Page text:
NEW YORK — The lone Celtic to participate in All-Star Weekend really didn’t. Kelly Olynyk did not play in Friday’s Rising Stars Challenge because of a sprained right ankle. He took part in pregame interviews Thursday and that was all.
The Celtic who garnered the most attention during Friday’s All-Star media session is currently resting in Flower Mound, Texas, after a rigorous first half of his rookie season.
Even though Marcus Smart missed 14 games because of a badly sprained left ankle, many of the NBA’s top players are fully aware of his potential. Smart is only 20, but his eventual inheritance of the Celtics’ leadership mantle is unquestioned.
The fact Smart already has a defensive mind-set and his improved 3-point shooting and aggression have reverberated throughout the league.
“He’s going to be good,” said Houston Rockets guard James Harden, who shot 4 for 21 against the Celtics Jan. 30, mostly against Smart’s defense. “Good hands. Good feet. Starting to shoot the ball a lot better. He’s getting a lot better. I’m sure he works extremely hard. I saw him this past summer with USA Basketball and he looked really good.”
The adjustment, the All-Stars say, will be gradual in defending the NBA’s better guards. Like Smart, most of these elite players were thrust into starting or primary roles early in their careers.
“It’s a grind, it’s not going to be easy,” Harden said. “You’re going to have some times when you’re struggling but you’ve got to find a way to push through those times. Just be consistent. My coach [Scott Brooks with Oklahoma City] told me when I got in [the NBA] it’s all about consistency and with my work ethic and my focus, just always being prepared.”
East starter John Wall has been the lead man with the Washington Wizards since his rookie season in 2010-11. At age 20, Wall was the point guard of a veteran team that had to accept his on-court orders. The adjustment from being a private to being a sergeant is difficult.
“I came in right away and had a lot of guys on my team, everybody expected me to do so great right away and I had to adjust to it,” Wall said. “I kind of had to lead by example because I didn’t want to say too much to the veteran guys. I didn’t want people to say, ‘Well, he thinks he’s already all that.’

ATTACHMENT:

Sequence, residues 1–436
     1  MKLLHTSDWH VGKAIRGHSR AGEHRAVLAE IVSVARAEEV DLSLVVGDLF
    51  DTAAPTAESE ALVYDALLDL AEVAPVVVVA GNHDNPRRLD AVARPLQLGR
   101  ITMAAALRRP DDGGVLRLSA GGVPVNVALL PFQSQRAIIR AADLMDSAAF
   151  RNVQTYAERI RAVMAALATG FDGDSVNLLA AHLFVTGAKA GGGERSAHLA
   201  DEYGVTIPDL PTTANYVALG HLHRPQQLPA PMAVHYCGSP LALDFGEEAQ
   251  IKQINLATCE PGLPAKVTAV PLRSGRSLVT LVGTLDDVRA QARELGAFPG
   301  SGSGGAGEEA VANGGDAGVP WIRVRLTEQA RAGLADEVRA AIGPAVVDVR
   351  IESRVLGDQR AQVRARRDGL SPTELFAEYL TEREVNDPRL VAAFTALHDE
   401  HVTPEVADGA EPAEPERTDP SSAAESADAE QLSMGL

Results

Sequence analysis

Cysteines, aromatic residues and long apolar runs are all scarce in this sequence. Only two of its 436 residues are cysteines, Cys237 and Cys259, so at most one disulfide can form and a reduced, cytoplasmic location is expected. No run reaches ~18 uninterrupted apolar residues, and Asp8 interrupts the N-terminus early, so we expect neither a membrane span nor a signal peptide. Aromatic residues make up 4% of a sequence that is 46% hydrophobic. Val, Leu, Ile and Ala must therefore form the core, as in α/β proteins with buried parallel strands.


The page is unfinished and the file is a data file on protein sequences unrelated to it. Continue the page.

“You’ve got to find a way to fit in but I think [Smart] has great veterans over there and guys that want to teach him the right way. [Leadership] had to come with time. I dealt with injuries early on, coaching changes and guys getting traded from my team, so I dealt with the stuff when it wasn’t success and [now] I’m able to deal with success.”
The Wizards have faced the Celtics three times this season and Wall came away impressed with Smart.
“I think he’s good,” Wall said. “He’s one of the young guys that comes in and does it like [Celtics teammate] Avery Bradley. He comes in being a defensive-minded guy and when you show coaches you’re committed to that side of the ball first, you let your offensive game catch up and figure out the other things. But he’s doing it the right way, taking on the defensive challenges and not backing down from nobody.”
The most noticeable aspect of Smart’s mental makeup is his refusal to relent to more experienced opponents. He developed a mini-rivalry with Toronto’s Kyle Lowry during the preseason. Lowry, a first-time All-Star and one of the league’s most tenacious guards, admires Smart’s guile.
“That kid’s good, man,” Lowry said. “I think he has the ability to really grow and be a lead guard and be a leader. He has toughness and that mentality to be a leader. I think he’s really going to keep growing and just developing. The big thing with him is just keep continuing to work, no matter what the situation. Get better. Don’t worry about the things that’s going on [around you]. Grow as an individual.”
Lowry took five years to become a full-time starting point guard and Toronto is his third team.
“It’s real tough because when you first come into the league, you want to fit in,” Lowry said. “Once you’re a leader, it will come back around and your teammates will respect you and it kind of falls on to you just by the way you work and the way you approach the game.”
The consensus among the All-Star guards is that it will take Smart time to command his team and become the face of the franchise.
“I think I had the oldest team in the league when I first started [at point guard],” Atlanta’s Jeff Teague said. “I had Tracy McGrady on my team and Jerry Stackhouse. To tell those guys to go somewhere and to follow your lead is really tough. But [Smart] has that personality and that demeanor that he can probably lead a team.”